Page Banner

United States Department of Agriculture

Agricultural Research Service


item Nielsen, Forrest - Frosty
item Stoecker, Barbara

Submitted to: Federation of American Societies for Experimental Biology Conference
Publication Type: Abstract Only
Publication Acceptance Date: 11/10/2005
Publication Date: 3/6/2006
Citation: Nielsen, F.H., Stoecker, B. 2006. Dietary boron and fish oil have desirable effects on vertebra microarchitecture and strength [abstract]. FASEB J. 20(4):A561.

Interpretive Summary:

Technical Abstract: Nutritional amounts of boron (B) and fish oil (FO) beneficially affect long bone histomorphological and gross physical characteristics. Thus, an experiment was performed to determine whether B deprivation and FO instead of safflower oil (SO) in the diet would change vertebral microarchitecture and strength. Female rats were fed diets containing 0.1 mg B/kg in a factorial arrangement with variables of supplemental B at 0 (B-def) or 3 (B-adq) mg/kg and fat sources of 75 g SO/kg or 65 g FO (menhaden oil)/kg plus 10 g linoleic acid/kg (added to assure adequacy of n-6 fatty acids). After 6 weeks, 6 females per treatment were bred. Dams and pups continued on their respective diets through gestation, lactation and after weaning. Femurs for mineral analysis and vertebrae for examination by microcomputed tomography were collected from 15 and 12 males per group, respectively, at age 21 wk. Rats fed the B-def diet exhibited deficiency signs of decreased femur B concentrations and body weight. Vertebral trabecular separation and structural model index were increased and trabecular bone volume fraction was decreased by B-def. Trabecular thickness was decreased by B-def with the effect more marked when SO was fed. Trabecular cross sectional area was increased by FO. Finite element analysis indicated that the force required to compress the vertebral core was increased (P<0.05) by FO and tended (P<0.08) to be decreased (1929 vs 1595 N) by B-def. The findings show that FO and B have synergistic favorable effects on vertebral microarchitecture and strength. (Supported by in-house USDA & Okla. Agric. Expt. Station funds)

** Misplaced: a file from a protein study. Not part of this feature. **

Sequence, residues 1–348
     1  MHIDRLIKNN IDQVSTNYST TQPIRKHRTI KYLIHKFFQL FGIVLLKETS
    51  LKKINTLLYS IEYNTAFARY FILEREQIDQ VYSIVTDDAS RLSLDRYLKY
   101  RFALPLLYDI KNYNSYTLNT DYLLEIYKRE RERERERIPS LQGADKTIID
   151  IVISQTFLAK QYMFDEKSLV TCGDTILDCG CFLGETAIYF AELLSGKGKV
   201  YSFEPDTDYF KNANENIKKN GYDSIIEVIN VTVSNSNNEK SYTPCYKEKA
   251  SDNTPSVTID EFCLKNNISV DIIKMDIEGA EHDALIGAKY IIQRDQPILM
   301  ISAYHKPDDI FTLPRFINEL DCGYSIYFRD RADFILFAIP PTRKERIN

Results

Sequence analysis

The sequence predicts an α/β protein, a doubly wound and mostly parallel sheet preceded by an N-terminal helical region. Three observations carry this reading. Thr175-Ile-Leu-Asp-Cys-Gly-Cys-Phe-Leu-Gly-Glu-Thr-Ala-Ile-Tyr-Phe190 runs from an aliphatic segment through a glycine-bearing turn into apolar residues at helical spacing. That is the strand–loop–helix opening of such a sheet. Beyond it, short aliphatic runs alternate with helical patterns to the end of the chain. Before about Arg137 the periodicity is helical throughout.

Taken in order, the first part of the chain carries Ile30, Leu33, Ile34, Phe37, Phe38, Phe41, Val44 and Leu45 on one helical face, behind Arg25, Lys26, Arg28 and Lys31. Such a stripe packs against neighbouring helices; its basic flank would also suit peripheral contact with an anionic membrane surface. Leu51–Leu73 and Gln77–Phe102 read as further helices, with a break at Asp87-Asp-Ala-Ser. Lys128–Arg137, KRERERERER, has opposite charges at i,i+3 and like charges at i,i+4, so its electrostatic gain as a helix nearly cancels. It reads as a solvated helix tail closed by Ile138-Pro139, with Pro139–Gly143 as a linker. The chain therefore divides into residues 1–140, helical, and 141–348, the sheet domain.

Last Modified: 06/22/2017
Footer Content Back to Top of Page